•

Land border areas between ports of entry. DNDO and CBP, both agencies within DHS, have been collaborating on radiological and nuclear detection options to better secure the border areas between ports of entry. CBP is responsible for developing and implementing screening procedures; DNDO provides the equipment for these operations. DNDO and CBP plan to have radiation detection equipment in place at all 20 CBP sectors by fiscal year 2012. However, DNDO-sponsored laboratory and field evaluations to identify and test radiation detection equipment are still not complete, DNDO has fallen behind on its original test schedule, critical testing has been postponed owing to problems with the detection technology being tested, and DNDO has not estimated the total cost of this effort. In addition, DNDO has not provided CBP with the equipment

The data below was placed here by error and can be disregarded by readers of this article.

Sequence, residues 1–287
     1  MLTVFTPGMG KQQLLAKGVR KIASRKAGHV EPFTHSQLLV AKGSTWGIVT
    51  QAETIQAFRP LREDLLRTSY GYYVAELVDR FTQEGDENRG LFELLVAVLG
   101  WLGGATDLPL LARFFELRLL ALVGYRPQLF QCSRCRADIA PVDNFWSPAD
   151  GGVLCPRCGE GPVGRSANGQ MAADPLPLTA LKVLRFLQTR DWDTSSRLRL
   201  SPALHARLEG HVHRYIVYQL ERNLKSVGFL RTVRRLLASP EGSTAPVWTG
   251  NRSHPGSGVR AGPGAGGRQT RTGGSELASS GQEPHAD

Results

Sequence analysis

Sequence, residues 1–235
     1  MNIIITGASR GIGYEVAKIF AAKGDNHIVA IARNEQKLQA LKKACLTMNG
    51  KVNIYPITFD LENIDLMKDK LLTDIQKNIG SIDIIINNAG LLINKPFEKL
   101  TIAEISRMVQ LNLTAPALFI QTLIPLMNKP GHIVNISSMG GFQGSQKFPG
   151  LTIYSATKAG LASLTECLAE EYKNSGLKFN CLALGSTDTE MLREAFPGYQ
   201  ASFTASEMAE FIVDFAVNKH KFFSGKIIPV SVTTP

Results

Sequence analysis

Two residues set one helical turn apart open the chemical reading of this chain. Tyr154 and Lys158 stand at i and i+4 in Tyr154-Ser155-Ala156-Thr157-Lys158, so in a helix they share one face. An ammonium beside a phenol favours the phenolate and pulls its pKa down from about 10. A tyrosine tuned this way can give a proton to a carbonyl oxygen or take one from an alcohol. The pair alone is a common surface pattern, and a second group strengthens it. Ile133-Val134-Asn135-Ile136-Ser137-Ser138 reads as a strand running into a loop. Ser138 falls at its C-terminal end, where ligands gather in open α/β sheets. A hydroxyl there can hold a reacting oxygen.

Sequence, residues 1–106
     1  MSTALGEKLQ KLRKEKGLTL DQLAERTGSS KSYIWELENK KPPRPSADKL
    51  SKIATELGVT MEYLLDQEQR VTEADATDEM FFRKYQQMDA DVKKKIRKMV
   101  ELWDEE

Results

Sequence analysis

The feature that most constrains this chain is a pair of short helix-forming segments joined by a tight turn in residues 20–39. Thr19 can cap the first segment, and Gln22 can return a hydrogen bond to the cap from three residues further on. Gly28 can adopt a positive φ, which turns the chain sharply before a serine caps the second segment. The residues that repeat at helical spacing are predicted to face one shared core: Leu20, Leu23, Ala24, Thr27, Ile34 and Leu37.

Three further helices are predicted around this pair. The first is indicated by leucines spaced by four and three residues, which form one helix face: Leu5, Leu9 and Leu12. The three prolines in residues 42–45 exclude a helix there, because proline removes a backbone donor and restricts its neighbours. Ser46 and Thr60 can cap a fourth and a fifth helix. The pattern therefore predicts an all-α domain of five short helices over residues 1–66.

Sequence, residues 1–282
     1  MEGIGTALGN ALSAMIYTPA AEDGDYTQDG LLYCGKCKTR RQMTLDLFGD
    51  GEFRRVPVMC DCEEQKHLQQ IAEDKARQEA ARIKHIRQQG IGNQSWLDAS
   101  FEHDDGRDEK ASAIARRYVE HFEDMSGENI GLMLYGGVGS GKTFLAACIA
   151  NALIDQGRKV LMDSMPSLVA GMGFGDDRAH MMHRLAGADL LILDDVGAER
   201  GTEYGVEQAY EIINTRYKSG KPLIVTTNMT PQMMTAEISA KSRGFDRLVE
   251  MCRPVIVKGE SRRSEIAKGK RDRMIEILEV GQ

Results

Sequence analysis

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needed in a timely manner to improve radiation detection capabilities either at ports of entry or land border areas between ports of entry.
•